“I guess I’ll start as I often do with a story,” said Los Angeles Lakers general manager Rob Pelinka at the mid-July press conference in which he introduced the team’s new $18 million shooting guard, Kentavious Caldwell-Pope. “I would venture to guess there’s people in the room that are familiar with the stories in the Book of Genesis, where there was a time when the Israelites were wandering in the desert and all the sudden bread came down from heaven. That’s kind of what today feels like for us to have KCP join.”
Though Pelinka’s biblical reference is slightly inaccurate (the bread descending from the sky example is actually from Exodus 16), Caldwell-Pope’s defense is indeed functioning as the team’s promised, honey-sweet manna through the season’s first quarter. Fittingly, the fifth-year shooting guard’s first points in the purple and gold came on October 22 after Pope stole the ball from New Orleans Pelicans’ guard Darius Miller and took it in for a dunk.
Largely due to the addition of Caldwell-Pope, the Lakers rank eighth in defensive rating this season, holding teams to 102 points per 100 possessions. Just last season, Los Angeles were at the bottom of the league with a defensive rating of 110.6.
Caldwell-Pope himself is experiencing career-highs in almost every major defensive category, including 1.7 steals per game, .4 blocks per game and a defensive rating of 102.2. His defensive rating ranks third on the team, behind Brandon Ingram (101.5) and Julius Randle (100.2). To put that in perspective, Lakers guards D’Angelo Russell and Nick Young had defensive ratings of 113.4 and 112.1 respectively in 2016-2017.
Both Caldwell-Pope (10th) and Ingram (8th) are ranked in the top ten in the league in defensive rating out of players who average at least 33 minutes a game. In Wednesday’s loss to the Golden State Warriors, the duo had a pair of back to back steals in the third quarter to take a 78-74 lead, exemplifying their two-way impact.
Caldwell-Pope notices that there is an open three-point shooter in the corner and is able to make the steal by anticipating Curry’s pass in the play above. It’s plays like this that showcase how his basketball IQ is a difference-maker on defense.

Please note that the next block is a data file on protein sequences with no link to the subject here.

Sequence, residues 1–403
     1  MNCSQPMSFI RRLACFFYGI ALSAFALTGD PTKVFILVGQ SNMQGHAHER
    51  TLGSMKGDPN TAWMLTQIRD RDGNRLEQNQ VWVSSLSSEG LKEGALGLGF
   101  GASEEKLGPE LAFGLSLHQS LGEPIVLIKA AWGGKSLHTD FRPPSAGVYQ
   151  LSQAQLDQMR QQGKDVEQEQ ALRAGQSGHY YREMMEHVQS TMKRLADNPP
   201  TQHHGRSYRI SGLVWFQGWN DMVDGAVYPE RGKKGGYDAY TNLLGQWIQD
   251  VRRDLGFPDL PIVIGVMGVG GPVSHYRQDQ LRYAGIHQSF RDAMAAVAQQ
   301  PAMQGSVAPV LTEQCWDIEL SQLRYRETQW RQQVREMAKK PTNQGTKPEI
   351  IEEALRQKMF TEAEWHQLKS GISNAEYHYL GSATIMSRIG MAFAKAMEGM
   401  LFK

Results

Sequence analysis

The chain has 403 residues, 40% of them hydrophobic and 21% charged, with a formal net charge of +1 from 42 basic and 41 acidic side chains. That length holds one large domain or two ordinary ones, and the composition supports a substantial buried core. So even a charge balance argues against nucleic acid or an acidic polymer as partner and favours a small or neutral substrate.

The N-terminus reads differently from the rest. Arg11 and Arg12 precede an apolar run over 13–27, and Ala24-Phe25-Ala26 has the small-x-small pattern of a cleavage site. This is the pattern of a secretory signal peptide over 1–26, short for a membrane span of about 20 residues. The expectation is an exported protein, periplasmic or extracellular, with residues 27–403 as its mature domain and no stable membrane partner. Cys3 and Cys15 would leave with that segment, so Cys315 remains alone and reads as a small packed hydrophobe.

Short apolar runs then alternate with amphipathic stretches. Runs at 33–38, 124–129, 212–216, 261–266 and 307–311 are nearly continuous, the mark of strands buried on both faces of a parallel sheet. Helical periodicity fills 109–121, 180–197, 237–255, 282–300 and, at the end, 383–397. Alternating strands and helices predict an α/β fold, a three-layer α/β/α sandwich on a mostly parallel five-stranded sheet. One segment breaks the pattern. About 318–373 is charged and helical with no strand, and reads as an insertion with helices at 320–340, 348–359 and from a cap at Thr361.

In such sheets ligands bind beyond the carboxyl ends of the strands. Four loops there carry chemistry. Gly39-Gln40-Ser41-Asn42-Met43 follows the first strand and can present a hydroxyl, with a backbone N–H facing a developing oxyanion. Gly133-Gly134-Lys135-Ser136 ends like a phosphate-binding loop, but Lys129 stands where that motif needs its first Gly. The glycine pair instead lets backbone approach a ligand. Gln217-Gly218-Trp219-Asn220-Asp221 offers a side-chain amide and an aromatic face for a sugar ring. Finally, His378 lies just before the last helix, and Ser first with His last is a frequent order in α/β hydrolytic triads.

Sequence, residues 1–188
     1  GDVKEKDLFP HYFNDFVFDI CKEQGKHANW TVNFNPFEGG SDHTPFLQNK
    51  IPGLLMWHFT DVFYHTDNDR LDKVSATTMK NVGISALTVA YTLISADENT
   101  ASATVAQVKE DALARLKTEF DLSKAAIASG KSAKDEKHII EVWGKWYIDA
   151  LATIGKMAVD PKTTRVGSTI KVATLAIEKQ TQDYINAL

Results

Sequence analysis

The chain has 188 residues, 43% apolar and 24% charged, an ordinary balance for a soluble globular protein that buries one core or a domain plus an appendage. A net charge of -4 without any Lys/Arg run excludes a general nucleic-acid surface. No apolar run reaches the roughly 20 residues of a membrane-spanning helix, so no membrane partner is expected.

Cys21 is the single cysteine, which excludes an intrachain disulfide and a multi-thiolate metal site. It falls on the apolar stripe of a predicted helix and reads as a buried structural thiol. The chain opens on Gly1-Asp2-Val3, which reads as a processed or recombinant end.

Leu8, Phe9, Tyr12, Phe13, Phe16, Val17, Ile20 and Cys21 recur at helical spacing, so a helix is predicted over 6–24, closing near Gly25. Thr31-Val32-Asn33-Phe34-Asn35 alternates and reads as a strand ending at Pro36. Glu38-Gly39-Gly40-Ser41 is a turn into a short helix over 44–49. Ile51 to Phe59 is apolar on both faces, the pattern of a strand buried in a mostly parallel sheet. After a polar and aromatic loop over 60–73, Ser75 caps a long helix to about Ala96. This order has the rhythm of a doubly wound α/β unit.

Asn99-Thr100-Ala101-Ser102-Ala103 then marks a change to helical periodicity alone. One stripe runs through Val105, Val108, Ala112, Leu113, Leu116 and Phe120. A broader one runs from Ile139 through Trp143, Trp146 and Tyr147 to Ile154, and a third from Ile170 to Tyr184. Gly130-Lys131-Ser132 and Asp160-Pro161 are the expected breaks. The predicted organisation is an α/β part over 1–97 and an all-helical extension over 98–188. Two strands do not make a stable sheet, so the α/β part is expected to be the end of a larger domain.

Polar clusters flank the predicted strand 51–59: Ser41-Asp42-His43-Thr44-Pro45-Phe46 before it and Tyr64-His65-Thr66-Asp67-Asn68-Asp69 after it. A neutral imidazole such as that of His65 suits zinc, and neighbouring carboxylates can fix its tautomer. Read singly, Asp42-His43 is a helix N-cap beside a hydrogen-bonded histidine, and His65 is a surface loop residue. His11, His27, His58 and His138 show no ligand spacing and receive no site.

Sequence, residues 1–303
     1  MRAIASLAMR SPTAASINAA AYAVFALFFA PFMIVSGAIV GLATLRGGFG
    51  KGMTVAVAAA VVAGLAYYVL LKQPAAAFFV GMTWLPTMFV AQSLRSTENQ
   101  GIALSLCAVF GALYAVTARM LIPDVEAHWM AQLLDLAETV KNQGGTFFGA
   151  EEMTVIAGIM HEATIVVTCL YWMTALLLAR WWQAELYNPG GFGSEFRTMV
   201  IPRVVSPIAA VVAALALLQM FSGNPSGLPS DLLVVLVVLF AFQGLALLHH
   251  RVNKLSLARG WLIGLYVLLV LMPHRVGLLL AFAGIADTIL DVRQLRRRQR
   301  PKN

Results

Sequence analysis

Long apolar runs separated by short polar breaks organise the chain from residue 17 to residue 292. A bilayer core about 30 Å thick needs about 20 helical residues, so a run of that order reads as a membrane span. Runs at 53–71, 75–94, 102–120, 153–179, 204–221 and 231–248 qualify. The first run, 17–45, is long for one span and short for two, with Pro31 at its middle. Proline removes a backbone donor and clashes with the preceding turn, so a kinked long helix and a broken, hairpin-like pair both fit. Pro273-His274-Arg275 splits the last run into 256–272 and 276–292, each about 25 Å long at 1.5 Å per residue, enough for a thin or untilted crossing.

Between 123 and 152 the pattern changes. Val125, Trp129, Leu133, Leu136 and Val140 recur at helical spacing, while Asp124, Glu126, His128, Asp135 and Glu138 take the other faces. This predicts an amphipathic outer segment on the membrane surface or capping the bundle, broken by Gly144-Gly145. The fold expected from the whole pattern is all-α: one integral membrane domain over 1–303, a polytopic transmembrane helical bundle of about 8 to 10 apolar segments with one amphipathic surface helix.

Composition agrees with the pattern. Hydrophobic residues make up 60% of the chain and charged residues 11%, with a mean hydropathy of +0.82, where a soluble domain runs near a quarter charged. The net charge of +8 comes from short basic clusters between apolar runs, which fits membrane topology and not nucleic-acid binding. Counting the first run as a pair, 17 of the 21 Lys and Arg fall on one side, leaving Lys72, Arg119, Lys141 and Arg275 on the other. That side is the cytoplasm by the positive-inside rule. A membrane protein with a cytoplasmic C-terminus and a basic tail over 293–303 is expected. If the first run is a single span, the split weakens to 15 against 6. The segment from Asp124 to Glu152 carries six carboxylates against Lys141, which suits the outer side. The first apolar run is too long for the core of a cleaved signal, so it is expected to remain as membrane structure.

In the Lakers’ November 21st victory against the Chicago Bulls, Kentavious provided a textbook example of how to guard a lob play during the second quarter. As Kris Dunn goes right to the hoop off of a Cristiano Felicio screen, Brook Lopez is forced off of Felicio to help Lonzo Ball cover Dunn. While the pick-and-roll unfolds, Caldwell-Pope keeps his eyes on Dunn while guarding a then red-hot Antonio Blakeney (I know, weird).
With a sense of where his man is and a vision of the point guard, Caldwell-Pope notices Dunn’s intent to pass and is impressively able to slide over and slap the ball away from Felicio:
Though his individual stats remain impressive, Caldwell-Pope’s impact is seen more-clearly when considering the team’s most efficient defensive lineups.
Out of rotations that have played at least 12 minutes (a full quarter’s length) together, Caldwell Pope is in two of the Lakers’ top-three lineups. Under the same criteria, the team’s most efficient defensive lineup of Ball, Caldwell-Pope, Ingram, Kyle Kuzma and Randle ranks among the twenty highest defensive ratings out of the eligible rotations at 81.7.
In July, when Pelinka went full impromptu-biblical at KCP’s introductory presser a la Jules Winnfield in Pulp Fiction , the guarantee of pending salvation seemed at-best farfetched. However, through the first stretch of the season, Caldwell-Pope’s defensive presence is looking nothing short of divine.